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Gigi Edwards Bryant on the Texas foster care system

Michael Barnes, Out & About

Staff Writer
Austin 360

Austin businesswoman Gigi Edwards Bryant visited her brother, Charles Henry Rector,every day the week before he was executed in 1999.

"He told me more and more about his life," Bryant remembers. "He believed society had no place for him, and he encouraged me to never give up."

Austin native Bryant never did.

Even though she endured sexual assaults, teen pregnancy, separation from her mother at age 6 and a nomadic youth spent in 20 foster homes, she believes that the Texas system dedicated to abused and neglected kids, the one that swallowed up Bryant and her three siblings, can be fixed.

"I hope and pray that ‘our' children — and they are our children — have a system built around them that measures their possibilities of success, rather than being defined by their failures," said Bryant, who serves as chairwoman of the Texas Department of Family Protective Services Advisory Council, appointed successively to such positions by Govs. George W. Bush and Rick Perry. "It could be the difference in giving up, like my brother, or digging in and not letting go, like I had to do."

On Feb. 11, Bryant, 54, will be honored at the Hyatt Regency Austin during CASAblanca, the annual gala for Court Appointed Special Advocates, which provides advocacy services for thousands of vulnerable children.

Bryant, head of GMSA Management Services, a consulting firm, and her husband, Sam Bryant, who founded Bryant Wealth Investment Group, are known for sharing their time and treasure generously, but selectively.

"I narrowed it down to education, foster youth and drug and alcohol rehabilitation," Gigi Bryant said. "Those are things that affected my life and affect our society from birth to the ends of life."

Bryant's mother, the late Lola Mae Fowler,was locked up in the Austin State Hospital after she killed an intruder. There, she underwent shock treatments and suffered from mental illness for the rest of her life. Bryant and her three siblings were shuttled directly into "the system."

"People treat kids differently when they find out you don't have your parents," she said. "It is as if you did something to make this happen, no matter your age. First they are sad, then they ask: ‘What did you do?' I spent time explaining why I had no parents, until I decided it did not need explanation."

After growing up, her older and younger sisters wrote second life chapters in California and West Texas. Despite attempts by Bryant to keep in touch, they chose to part completely with their pasts. Given the inherent disjuncture of the foster care system, it's no wonder.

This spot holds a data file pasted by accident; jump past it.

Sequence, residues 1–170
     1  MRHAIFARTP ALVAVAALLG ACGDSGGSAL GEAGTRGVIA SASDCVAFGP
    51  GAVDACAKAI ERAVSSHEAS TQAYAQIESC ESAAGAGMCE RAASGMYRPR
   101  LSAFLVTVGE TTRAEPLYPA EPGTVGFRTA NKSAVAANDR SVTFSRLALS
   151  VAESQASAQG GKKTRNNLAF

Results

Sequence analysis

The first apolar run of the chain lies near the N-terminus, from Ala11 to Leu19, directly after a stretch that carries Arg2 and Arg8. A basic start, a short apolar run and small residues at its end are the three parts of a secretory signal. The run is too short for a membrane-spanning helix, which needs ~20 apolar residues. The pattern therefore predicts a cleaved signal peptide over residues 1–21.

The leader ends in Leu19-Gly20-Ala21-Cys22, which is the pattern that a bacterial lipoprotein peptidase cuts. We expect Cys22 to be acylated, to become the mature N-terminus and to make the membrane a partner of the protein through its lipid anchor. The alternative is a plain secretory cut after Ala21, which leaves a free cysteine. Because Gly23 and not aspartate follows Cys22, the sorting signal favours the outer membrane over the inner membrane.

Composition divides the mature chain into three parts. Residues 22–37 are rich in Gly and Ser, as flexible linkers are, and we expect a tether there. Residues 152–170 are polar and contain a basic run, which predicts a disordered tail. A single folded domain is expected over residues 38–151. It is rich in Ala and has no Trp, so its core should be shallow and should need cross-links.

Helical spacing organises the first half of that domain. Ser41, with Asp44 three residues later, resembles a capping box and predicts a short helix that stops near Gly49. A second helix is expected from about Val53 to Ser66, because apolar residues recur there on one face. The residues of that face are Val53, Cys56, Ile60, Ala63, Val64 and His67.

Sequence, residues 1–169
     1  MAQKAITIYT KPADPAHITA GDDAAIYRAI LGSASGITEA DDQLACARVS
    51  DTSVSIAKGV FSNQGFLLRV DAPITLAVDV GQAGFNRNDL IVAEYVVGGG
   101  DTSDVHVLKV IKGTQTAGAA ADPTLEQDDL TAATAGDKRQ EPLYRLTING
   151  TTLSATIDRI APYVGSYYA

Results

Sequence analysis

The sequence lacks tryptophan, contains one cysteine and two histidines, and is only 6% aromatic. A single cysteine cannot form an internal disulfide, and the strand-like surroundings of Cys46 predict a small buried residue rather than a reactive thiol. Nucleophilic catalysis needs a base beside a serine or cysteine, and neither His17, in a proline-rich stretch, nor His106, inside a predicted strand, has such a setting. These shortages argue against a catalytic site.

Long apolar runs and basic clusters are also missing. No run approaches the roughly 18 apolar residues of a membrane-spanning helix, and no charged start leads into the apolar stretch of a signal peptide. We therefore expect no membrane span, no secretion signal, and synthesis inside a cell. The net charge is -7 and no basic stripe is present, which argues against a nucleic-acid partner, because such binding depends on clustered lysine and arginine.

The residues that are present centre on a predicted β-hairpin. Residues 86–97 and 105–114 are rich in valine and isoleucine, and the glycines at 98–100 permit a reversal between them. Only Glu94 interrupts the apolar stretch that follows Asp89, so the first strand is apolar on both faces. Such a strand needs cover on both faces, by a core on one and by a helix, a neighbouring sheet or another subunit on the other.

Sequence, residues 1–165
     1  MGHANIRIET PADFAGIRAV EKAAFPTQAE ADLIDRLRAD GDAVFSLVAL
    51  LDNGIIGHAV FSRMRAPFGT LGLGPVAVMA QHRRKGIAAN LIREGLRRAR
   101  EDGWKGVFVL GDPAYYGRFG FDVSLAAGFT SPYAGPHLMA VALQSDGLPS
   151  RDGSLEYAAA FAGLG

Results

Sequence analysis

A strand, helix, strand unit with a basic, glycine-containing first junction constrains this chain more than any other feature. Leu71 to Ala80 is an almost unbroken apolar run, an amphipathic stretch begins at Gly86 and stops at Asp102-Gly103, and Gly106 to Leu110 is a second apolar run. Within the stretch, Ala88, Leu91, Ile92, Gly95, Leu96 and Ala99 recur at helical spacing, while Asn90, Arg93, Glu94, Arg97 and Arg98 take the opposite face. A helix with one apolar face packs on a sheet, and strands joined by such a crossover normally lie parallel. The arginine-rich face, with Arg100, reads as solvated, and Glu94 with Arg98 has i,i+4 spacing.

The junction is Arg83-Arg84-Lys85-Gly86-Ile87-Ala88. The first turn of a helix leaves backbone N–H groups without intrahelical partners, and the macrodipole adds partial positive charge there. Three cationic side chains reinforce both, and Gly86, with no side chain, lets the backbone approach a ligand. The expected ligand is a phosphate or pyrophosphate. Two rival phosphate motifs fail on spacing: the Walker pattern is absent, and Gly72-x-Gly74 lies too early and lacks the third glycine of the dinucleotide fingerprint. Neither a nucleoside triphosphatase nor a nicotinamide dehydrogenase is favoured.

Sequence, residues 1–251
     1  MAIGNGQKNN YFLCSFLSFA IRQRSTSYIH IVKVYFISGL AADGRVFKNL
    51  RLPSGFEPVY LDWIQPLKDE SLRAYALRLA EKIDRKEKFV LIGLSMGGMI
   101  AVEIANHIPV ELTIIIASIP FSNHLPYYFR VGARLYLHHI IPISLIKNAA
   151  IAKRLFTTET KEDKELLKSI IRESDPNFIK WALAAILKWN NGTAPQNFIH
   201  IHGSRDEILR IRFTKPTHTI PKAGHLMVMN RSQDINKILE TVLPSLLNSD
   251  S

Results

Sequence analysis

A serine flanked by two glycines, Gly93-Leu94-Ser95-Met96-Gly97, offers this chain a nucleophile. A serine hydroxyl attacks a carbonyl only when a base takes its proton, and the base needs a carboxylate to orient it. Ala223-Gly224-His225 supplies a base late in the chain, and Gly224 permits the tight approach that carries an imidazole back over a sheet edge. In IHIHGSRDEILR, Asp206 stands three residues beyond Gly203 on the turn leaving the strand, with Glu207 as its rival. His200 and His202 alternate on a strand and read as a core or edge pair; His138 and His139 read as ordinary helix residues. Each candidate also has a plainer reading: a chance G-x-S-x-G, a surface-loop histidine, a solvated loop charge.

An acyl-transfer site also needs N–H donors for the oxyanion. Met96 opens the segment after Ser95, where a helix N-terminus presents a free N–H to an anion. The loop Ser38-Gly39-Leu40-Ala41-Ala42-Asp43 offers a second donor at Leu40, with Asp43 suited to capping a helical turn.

"I'd find my stuff at the door, and I knew we were going somewhere else," Bryant said. "Once, I was on the track team and we had a track meet that weekend, and I remember begging and pleading with the lady to take me back so that I could run. I remember crying all night telling the new house that they needed me. I never knew what happened at the meet, but I can guess. All I could think about is how much they must have hated me that Saturday. I know no one explained that it was not my choice."

Her brother ran away from the Waco State Home — subject of Sherry Matthews' compelling book, "We Were Not Orphans" — into a life of petty crime. He was first accused of murder at age 17, imprisoned, then released. In 1982, he was convicted of capital murder, and he was executed in 1999. Bryant visited Rector in prison every Christmas and sometimes in the summer.

So how did Bryant escape her brother's fate?

"My faith from my Big Mama, my grandmother's mother," she said. "And I knew love from my mother before entering the system. When we were younger, we used to go stay with Big Mama, mostly after school. She would hug us. She would kiss us. She would cook, pray with us, sing to us. She was the one who told me: ‘God loves you. Don't ever be afraid to tell him what's wrong.' "

She also avoided one potential trap faced by so many foster children: No doctor ever prescribed Bryant behavioral medications.

"I just believe that God protected me," she said. "He still does."

Despite her teen pregnancy, Bryant studied computer science, then business at Austin Community College and St. Edward's University. While in college, she worked full-time at the offices of the Texas Comptroller of Public Accounts, Texas Parks & Wildlife Department and the Texas Legislative Council. Meanwhile, she raised a family and volunteered at schools and in the community.

"I guess I never got enough," joked Bryant, who earned an MBA in global leadership at University of Texas at Dallas. She met Sam Bryant in 1993 while he was working for Applied Materials and she was organizing charity events and fundraisers.

"He was known as ‘Mr. Applied' and was very nice," she said. Their blended family includes her three adult children and his two adult offspring. All are thriving in college or careers. Her most famous son is Marcus Wilkins, recruited for the Longhorns by football coach Mack Brown and a veteran of the NFL. Gigi Bryant is blessed with five grandchildren.

Yet she constantly asks the questions: Why not me? How did I get through the system and come out with this life? Bryant passes on this conclusion to anyone touched by foster care: "How you define yourself — through actions — has to be more important to you, so you can move past what should have been."

mbarnes@statesman.com